What do the IoT and R&D Labs Have in Common? Not Much. Yet.
The IoT — Internet of Things — is an omnipresent part of our lives, supporting everyday tasks across home, work, fitness and more. Distributed sensors, wireless networking and cloud computing enable us to control lights, monitor security systems, and manage entertainment and HVAC systems, all from our smart phones. In our work lives, smart building technologies sense how many people are in a conference room and automatically adjust lower the thermostat set point, dim smart windows to block out sunlight, and more. Along the way, these systems are gathering and using critical data that can be analyzed to optimize the systems and provide users with valuable insights.
But while these technologies have crept into almost every facet of our daily lives, they have been slow to make it to the laboratory. In fact, despite the hip and contemporary look of labs in the latest TV crime dramas, real-world labs look more like your college chemistry lab. Cringe. No neon lights and lots of manual data gathering. Yes, there are incredibly sophisticated pieces of equipment (mass spectrometers, PCRs, liquid handlers), but each piece of equipment is a veritable island. This is the next frontier for the IoT — the Lab. Because one of the things the IoT does best is to automate processes and unlock critical data, which will be transformative for science-based industries.
To say that data gathering, sharing and analysis in labs is highly manual is an understatement. Information is typically recorded or downloaded from a piece of equipment for analysis in a spreadsheet, while day-to-day equipment is usually monitored by a staff person walking around and using a probe (thermometer) to measure equipment temperature and then record that single data point in a log book. Sophisticated experiments are documented and tracked either in a lab notebook or electronic version, often with variability that isn’t captured or documented. The processes hardly resemble what we see on CSI, and the exorbitant costs to these approaches are illustrated in the current state of life sciences R&D.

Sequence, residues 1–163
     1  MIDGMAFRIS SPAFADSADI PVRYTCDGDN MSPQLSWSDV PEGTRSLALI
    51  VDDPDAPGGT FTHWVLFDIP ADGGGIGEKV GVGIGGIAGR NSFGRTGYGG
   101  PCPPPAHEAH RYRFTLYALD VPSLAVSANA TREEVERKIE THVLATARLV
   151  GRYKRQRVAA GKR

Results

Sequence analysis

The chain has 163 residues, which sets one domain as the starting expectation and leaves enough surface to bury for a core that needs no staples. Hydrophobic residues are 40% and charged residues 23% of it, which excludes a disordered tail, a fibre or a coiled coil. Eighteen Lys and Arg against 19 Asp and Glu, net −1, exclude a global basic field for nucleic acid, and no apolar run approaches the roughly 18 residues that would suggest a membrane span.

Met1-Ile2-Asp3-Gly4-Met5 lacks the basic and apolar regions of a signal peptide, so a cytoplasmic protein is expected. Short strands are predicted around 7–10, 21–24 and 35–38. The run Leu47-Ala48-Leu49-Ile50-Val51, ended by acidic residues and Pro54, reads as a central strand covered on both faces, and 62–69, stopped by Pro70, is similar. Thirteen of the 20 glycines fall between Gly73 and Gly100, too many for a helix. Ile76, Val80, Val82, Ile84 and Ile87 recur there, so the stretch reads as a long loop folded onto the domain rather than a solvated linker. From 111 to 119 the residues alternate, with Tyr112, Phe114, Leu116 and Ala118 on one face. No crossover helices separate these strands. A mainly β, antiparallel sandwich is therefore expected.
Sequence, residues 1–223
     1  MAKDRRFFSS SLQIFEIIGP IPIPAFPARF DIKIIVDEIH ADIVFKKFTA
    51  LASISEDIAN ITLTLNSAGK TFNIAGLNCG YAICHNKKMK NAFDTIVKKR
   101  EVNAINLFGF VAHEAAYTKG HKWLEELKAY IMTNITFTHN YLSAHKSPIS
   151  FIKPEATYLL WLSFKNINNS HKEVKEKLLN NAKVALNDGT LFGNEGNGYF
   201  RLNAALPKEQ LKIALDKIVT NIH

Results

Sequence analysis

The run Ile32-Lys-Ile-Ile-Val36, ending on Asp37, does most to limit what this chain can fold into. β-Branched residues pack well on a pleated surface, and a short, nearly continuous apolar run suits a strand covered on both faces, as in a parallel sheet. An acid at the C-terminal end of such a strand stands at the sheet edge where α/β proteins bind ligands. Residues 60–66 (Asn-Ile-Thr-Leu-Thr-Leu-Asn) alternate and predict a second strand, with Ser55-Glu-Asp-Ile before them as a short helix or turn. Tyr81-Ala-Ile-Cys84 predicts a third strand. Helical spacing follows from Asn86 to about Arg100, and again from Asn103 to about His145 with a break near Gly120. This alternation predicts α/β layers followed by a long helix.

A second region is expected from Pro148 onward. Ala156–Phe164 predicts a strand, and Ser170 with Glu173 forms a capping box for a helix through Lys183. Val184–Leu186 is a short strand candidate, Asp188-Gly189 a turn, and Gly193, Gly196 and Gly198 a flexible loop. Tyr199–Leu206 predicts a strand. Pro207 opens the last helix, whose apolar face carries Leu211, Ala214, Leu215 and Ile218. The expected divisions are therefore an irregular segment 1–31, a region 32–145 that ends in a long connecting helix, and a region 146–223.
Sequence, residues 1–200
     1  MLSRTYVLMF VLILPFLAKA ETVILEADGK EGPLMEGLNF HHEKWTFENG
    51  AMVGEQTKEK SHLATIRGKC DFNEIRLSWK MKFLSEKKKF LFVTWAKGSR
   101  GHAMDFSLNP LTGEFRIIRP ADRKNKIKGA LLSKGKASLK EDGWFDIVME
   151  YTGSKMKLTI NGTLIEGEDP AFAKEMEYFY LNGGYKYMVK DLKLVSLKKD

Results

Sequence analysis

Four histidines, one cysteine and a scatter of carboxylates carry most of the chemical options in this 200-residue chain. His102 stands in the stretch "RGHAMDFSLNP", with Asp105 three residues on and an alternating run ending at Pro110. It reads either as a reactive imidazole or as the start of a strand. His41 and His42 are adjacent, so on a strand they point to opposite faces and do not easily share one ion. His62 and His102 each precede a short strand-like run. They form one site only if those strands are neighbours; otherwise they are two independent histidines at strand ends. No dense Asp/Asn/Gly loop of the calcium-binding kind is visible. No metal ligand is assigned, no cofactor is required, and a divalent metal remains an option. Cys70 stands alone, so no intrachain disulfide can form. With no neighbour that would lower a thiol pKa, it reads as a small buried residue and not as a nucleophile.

Life sciences R&D spending in the U.S. is estimated to be $56 billion per year. Of that, a full 50% is spent on work that is irreproducible, the industry term for experimental work that can’t be successfully repeated by another person or team following the same documented procedure. That’s $28 billion per year wasted, and much of the issue is a data problem: insufficient data, data trapped on legacy equipment, data corrupted by manual, error-prone processes, data silos that don’t integrate into a bigger view, rudimentary data analysis capabilities, and so on. That is where the IoT-enabled lab is poised to transform science with more data, better data, and accessible data.
Enter the Smart Lab
Smart Lab technologies optimize the IoT stack for the rigorous requirements of science-based environments and change the way we gather, understand and utilize information. The foundational concept of the Smart Lab is connectivity — either deploying devices with intrinsic networking capabilities or adding connected capabilities to existing legacy devices. In all cases, the goal is the seamless gathering of critical information.
The modern lab generates staggering amounts of data, and yet misses other data sets, making collecting and consolidating that information in a uniform, interchangeable fashion one of the first steps to modernizing the front lines of science. By gathering data from existing equipment and eliminating data gaps — places where data isn’t gathered and should be (equipment, process, etc.), Smart Lab technologies complete the data picture.
Another core aspect of the Smart Lab is the implementation of open, standards-based systems that are designed to facilitate the seamless flow of data between data sources and those professionals who need access to it. Ease of access is critical to unlocking data’s value to the organization, and reducing data silos that plague so many labs is key.
For the modern scientific professional, Smart Lab technologies hold promises both big and small. At the macro level, the Smart Lab will accelerate discovery and improve operational efficiency, reducing time to market for critical therapies and improving the ROI on R&D spend. And, on the day-to-day level, it will free teams to invest precious resources where they can have the most impact. Just as data transformed manufacturing practices a few decades ago, laying the groundwork for Six Sigma and other standards, the Smart Lab is the stepping stone to transforming research. After all, if you can monitor your home remotely, why not your lab? And if you can use performance data to optimize your personal fitness, why wouldn’t you want to leverage data to improve research outcomes?